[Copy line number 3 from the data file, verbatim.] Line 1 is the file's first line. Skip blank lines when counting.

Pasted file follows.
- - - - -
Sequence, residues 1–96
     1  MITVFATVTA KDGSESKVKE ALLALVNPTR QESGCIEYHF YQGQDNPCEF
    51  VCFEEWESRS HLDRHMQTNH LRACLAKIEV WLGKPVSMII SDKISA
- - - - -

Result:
    51  VCFEEWESRS HLDRHMQTNH LRACLAKIEV WLGKPVSMII SDKISA